Fact: Not true. Pediatrician Paul Wassermann explains that even spanking will not inhibit a child bent on climbing -- they will simply keep getting back up again. Conventional wisdom: Young children are less prone to serious injury from a short fall. Fact: This is true: children's frames are more flexible; their bones, not yet fully developed, are less brittle and more cartilaginous.
How to cope
Parenting a climber can be a stressful occupation. It is important to remember that climbers, along with being fearless in the face of falling, are unable to comprehend their parents' fears. Remaining calm may ensure that your child does not panic, thus preventing a potential fall.
When approaching a child who has clambered into a dangerous position, use a firm and level tone of voice, and advance slowly and methodically rather than running toward them. When scared or excited, a young child is likely to move quickly and without thought; therefore, be cognizant of your child's state of mind when removing them from a climbing situation.
The old adage, "What goes up must come down" is not always true of climbing children. It is not rare for climbers to become stranded in their perches, requiring parental or even professional (police/fire departments) rescue efforts. There is one cardinal rule to remember when attempting to extricate your stuck climber. Be cautious. Watch for hazards that might not be apparent (loose boards, holes, power lines, etc.), place your hands and feet carefully, and plan your descent in advance, or you too might wind up unable to get down!
- Remove unnecessary climbing temptations. This includes infrequently used furniture such as extra chairs, toy boxes, step stools, etc.
- Essential items may be rearranged and/or altered to prevent use as a climbing aid or destination.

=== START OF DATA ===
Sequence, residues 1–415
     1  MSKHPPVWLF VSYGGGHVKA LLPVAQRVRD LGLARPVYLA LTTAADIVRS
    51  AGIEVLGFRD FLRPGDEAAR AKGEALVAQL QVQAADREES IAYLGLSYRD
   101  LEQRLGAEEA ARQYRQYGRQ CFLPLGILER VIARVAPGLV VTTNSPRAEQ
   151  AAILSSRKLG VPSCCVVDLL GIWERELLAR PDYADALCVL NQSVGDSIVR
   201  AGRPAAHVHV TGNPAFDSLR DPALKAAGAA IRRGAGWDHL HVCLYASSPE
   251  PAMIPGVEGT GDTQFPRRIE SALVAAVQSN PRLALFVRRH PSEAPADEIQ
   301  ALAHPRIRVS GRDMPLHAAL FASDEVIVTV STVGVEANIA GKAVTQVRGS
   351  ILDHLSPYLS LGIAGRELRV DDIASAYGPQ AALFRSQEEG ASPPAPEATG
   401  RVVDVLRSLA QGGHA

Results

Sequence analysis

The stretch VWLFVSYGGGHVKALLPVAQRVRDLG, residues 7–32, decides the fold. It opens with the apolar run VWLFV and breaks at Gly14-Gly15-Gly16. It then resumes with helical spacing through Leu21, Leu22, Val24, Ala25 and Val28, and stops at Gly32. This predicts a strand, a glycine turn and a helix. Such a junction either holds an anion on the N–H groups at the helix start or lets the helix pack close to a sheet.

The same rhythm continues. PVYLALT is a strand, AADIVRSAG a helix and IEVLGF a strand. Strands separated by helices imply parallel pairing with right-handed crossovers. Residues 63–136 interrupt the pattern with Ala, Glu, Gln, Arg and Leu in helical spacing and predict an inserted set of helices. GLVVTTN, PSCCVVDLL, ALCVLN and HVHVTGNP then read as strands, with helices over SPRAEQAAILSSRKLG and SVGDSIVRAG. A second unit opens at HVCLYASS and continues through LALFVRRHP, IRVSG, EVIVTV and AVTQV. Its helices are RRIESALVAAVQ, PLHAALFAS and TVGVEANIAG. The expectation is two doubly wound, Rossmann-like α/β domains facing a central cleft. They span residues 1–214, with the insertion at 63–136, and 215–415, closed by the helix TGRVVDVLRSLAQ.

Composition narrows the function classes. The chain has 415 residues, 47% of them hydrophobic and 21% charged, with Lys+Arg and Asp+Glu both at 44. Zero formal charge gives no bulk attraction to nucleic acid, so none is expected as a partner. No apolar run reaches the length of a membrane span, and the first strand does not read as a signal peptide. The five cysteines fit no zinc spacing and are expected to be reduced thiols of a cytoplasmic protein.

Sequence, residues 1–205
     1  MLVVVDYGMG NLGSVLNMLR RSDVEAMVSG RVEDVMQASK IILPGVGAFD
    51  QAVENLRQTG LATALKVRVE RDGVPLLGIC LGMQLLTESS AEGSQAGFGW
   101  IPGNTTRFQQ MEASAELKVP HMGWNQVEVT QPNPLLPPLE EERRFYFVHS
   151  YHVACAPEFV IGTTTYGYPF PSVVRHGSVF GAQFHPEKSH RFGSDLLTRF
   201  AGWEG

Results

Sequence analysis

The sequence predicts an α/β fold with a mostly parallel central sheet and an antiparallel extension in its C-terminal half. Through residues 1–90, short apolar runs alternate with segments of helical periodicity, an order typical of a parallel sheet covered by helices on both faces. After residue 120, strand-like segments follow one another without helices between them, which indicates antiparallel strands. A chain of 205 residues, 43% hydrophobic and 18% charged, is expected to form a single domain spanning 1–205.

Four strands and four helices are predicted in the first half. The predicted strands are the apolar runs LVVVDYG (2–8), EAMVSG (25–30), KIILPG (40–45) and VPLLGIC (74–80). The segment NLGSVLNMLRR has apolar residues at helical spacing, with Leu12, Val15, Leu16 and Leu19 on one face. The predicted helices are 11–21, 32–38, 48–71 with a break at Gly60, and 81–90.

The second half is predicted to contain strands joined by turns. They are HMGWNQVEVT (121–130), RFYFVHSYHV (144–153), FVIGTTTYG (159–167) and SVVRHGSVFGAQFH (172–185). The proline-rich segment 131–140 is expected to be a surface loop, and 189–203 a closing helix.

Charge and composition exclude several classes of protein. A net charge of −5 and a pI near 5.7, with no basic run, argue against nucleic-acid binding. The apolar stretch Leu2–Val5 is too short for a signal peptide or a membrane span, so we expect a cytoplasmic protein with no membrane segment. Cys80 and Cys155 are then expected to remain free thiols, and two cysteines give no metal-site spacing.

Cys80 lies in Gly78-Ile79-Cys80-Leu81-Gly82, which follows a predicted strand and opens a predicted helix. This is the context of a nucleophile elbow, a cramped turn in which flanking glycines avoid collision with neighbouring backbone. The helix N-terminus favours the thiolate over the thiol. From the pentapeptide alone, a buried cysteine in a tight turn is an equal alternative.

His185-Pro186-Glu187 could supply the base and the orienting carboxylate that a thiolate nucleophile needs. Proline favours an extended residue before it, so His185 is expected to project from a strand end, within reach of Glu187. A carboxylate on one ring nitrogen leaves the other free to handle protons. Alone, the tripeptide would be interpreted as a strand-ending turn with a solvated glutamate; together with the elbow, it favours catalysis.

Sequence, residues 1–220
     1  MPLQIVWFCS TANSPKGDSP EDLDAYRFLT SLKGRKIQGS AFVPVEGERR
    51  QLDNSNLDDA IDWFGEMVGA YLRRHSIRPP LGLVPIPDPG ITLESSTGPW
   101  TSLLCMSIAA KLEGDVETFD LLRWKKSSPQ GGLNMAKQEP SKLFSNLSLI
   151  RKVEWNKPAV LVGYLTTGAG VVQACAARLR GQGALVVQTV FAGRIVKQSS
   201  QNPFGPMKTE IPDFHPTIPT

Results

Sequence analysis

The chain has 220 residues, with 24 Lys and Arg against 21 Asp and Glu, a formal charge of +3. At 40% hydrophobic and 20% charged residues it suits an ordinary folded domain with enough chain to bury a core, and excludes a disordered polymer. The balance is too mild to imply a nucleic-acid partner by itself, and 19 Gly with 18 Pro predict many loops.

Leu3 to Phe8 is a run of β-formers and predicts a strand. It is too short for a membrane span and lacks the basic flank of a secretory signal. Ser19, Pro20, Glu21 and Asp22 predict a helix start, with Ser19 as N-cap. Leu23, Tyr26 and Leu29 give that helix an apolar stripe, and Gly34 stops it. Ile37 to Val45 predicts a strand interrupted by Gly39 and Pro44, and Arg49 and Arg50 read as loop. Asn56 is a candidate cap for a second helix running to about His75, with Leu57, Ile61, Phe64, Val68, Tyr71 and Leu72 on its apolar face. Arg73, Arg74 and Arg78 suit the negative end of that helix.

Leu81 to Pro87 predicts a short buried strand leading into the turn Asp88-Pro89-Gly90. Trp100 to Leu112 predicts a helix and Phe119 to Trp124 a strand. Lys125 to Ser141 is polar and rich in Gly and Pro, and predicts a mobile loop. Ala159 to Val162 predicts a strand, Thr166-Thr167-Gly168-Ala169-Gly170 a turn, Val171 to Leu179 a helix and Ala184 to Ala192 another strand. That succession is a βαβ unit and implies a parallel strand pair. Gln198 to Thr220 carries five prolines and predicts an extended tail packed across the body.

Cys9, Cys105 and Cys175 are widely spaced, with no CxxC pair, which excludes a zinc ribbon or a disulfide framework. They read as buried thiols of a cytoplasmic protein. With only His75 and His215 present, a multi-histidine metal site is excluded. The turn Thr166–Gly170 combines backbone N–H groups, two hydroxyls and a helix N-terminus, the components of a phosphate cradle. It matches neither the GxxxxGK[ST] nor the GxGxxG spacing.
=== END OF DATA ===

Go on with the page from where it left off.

- Turning kitchen chairs on their sides, or upside down, piling non-scalable items in armchairs or on sofas and placing low pieces of furniture on their ends may serve to deter little hands and feet from seeking purchase there.Provide acceptable climbing toys in safe locations. (i.e. jungle gym, a slide with a ladder, etc.)
- Cover kitchen drawer handles. The kitchen is a favorite haunt for climbers. Use vertical tubes or other means to keep drawer and cupboard handles from being used as ladders. Put cereal and other favored snack items in low storage spaces, allowing child access without climbing.
- Use window locks. For persistent climbers, this allows adequate airflow with a gap too narrow for a child to fit through.
- Be consistent -- be persistent. Tell your child "no" when they climb. Remove them from the spot and try to engage them in another activity. Keep doing this as long as the child returns to the climbing point. A toddler or young child will quickly become frustrated by this repetitive action (as long as it is not made into a game) and seek other diversions.
Parents of climbers shouldn't despair. Though a love of high places and climbing may remain with your child throughout his/her life, the very obvious dangers of climbing will lessen with time and maturity. Use these stop-gap measures to keep your climber safe during the toddler and preschool years, ensuring that when he/she is old enough to help you plant a tree, they will still be around to climb it!